Dear Devi
As hard as this may be for you, you need to find what is lost in your relationship. Women tend to lose grip of themselves when in a comfortable relationship. Your husband may also be going through a mid life crises. Spice things up, do things out of the ordinary, and be spontaneous, and flexible. If this does not work, why not see a marriage counselor? All the best!


SUTRA MAGAZINE gives us healthy eating tips to keep in mind this summer.

Keep it lean – Cutting as much fat and cholesterol from your diet should be your number one priority. This will also allow you to direct your attention to the four food groups, a balanced diet is all important, says SUTRA.

Exercise regularly – When on a health diet, ensure that you exercise either thirty minutes before or after you eat. That way, you do not burn the food that you just ate, but rather your fat reserves in your body.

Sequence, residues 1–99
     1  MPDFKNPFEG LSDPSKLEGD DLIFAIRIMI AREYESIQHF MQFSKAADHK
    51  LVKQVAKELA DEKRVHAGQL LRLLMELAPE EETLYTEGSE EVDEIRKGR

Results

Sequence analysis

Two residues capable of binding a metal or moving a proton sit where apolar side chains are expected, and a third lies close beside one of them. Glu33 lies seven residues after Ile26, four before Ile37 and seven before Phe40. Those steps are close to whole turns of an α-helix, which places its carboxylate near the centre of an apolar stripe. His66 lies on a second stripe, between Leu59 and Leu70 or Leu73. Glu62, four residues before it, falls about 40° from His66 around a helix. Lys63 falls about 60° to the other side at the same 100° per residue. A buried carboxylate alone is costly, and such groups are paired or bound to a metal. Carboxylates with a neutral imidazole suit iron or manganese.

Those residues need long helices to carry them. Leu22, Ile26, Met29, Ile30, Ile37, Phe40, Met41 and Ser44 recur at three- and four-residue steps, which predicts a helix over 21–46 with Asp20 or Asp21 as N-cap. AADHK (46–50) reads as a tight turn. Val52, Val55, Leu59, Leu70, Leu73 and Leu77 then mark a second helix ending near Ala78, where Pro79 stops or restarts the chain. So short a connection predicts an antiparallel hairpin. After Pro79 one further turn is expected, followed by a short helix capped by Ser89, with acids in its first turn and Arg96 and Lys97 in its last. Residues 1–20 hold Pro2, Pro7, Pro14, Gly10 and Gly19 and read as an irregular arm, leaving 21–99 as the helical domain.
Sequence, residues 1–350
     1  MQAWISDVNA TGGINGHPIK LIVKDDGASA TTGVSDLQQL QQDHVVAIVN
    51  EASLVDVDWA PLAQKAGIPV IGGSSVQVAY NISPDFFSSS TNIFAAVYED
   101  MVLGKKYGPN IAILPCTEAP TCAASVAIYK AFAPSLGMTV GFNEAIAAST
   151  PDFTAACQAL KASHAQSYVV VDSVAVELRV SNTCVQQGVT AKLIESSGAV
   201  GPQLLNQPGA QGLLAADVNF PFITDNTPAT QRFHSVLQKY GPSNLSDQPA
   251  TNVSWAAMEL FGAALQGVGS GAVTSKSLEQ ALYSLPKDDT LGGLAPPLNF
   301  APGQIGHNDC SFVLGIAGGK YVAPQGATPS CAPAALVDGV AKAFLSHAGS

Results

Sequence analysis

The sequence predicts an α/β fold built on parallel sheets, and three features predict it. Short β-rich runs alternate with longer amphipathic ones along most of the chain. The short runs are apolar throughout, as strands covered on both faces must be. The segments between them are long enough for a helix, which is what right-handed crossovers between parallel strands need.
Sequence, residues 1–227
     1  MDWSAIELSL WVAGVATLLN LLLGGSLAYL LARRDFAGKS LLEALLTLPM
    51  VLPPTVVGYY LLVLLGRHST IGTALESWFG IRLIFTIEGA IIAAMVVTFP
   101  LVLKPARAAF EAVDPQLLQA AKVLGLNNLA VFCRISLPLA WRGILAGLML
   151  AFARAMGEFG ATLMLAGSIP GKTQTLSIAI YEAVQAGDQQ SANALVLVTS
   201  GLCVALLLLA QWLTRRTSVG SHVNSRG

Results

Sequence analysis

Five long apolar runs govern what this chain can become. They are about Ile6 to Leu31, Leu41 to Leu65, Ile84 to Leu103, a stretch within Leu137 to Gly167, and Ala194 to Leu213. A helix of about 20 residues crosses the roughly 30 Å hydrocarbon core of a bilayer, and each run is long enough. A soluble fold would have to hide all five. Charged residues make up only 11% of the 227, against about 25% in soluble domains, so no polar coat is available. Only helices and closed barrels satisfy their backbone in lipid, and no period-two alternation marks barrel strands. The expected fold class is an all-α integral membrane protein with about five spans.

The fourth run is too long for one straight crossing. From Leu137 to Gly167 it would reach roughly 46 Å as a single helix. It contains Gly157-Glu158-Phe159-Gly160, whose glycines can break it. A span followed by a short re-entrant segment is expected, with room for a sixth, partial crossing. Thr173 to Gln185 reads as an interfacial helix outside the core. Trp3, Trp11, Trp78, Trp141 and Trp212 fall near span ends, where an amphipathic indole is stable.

Take in more fiber – Some of the high fiber foods that one should include in ones diet are fruit, vegetables, and whole grains. High fiber diets assist in keeping you regular, and also lower your cholesterol.

Weight control is imperative when going on a health diet – maintaining an ideal weight is extremely important, it reduces many diseases and ailments and reduces the risk of heart related illness.

Drinks on the house – We will not say, ‘stop drinking!’ But what will be said is, reduce your consumption of alcoholic beverages in you drink more than two glasses a day. Excessive amounts of alcohol will can lead to destroyed livers and also even alcohol poisoning.

Drink water – According to SUTRA we all need to drink as much water as possible, especially if you are energetic and muscular, muscle contains substantially more water than fat, which is needed to lubricate joints, regulate body temperature, and replenish bodily fluids.